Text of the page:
First in a series on Intercollegiate Athletics.
The impact of intercollegiate athletics on universities and colleges around our nation is undeniable. More than 460,000 students compete in intercollegiate athletics, the vast majority using their athletic ability to help fund, in part or total, the cost of their undergraduate degree. In Division I, college athletes make up just 6% of total undergraduate enrollment. However, college athletes make up a whopping 21% of total undergraduate enrollment at Division III institutions. Combined, nearly half a million college athletes foster community pride, increase brand recognition and at the highest levels, they also generate significant revenue. The influence college athletes have while wearing their respective institutions’ colors in competition is irrefutable.
The power of fan support and alumni identification fostered through athletic competition creates institutional identity. No matter the size of the university, or the level of competition, fans relate to universities through intercollegiate athletics, which help generate a strong sense of community. Finlandia University with 500 students, compared to Texas A&M University with 67,000 students’ evidence a wide range of athletic possibilities.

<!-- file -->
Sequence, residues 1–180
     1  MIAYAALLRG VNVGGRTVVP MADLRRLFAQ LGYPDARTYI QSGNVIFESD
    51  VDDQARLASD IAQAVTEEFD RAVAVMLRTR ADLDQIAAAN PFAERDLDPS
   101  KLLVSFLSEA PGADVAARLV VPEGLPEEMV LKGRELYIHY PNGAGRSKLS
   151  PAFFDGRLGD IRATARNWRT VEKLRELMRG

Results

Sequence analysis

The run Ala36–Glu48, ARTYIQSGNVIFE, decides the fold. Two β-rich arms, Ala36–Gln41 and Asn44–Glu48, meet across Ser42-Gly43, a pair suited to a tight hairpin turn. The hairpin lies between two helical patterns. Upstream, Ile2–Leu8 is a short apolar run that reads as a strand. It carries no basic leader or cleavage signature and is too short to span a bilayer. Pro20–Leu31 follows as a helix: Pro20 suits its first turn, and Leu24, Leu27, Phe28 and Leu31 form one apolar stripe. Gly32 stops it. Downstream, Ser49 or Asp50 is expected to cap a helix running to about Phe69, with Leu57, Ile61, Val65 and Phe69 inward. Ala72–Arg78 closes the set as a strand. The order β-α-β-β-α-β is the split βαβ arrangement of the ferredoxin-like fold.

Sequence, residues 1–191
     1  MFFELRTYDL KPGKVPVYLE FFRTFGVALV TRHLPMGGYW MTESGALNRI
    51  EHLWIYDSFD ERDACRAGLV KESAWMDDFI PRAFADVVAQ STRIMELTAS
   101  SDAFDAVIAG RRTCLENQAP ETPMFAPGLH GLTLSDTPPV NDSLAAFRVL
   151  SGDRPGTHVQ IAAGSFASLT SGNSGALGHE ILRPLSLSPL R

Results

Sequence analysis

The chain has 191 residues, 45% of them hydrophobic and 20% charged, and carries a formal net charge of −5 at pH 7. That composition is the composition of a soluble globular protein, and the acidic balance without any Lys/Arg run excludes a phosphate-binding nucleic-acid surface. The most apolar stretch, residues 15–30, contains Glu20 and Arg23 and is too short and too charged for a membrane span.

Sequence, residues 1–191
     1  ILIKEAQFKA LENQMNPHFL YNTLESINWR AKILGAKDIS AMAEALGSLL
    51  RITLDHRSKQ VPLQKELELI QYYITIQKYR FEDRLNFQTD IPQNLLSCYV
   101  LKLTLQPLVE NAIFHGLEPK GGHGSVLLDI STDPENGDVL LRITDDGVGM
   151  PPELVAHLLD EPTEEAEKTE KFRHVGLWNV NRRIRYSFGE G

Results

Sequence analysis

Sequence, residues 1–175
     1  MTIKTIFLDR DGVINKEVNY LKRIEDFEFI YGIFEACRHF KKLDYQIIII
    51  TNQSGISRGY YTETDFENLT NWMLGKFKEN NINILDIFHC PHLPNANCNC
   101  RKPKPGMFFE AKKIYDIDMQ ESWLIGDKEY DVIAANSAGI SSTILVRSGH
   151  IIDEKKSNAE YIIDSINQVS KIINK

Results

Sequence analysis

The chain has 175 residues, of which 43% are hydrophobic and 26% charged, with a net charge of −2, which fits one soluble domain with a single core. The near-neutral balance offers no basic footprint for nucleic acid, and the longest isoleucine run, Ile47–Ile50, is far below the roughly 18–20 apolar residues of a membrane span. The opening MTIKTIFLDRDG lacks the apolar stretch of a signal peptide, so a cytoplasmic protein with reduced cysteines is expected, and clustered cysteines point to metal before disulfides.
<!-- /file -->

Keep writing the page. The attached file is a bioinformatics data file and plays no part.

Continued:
James Duderstadt, president emeritus and distinguished academic leader at the University of Michigan – a perennial academic and athletic powerhouse – recognized the challenges of fully integrating athletics into the university’s academic mission. The potential positive impact of the academic and athletic partnership exists across every level of competition regardless of institutional classification, size or mission. However, widespread public recognition is typically reserved for the Power 5 schools: those regularly seen on the major networks. President Duderstadt understood the trials and value available at every level.
Not all universities and student-athletes are cut from the same cloth. The 150,000 Division I and II student-athletes that receive $2.9 billion in scholarships are institution and talent-driven; some worry resources are not evenly distributed. We don’t have a problem with that at all. WT Division II football does not aspire to compete at the level of Texas A&M University. Texas high school athletics are stratified for a reason, as are college athletics. And, don’t think that the 262 high schools in Texas that play six-man football doesn’t have heart – go to a game. Additionally, a 3A football team from the Texas Panhandle has no business aspiring to compete like a 6A team from Houston. Such aspirations are foolhardy. At WT, we work hard at keeping our university and its’ distinctiveness alive for the value it brings to the community.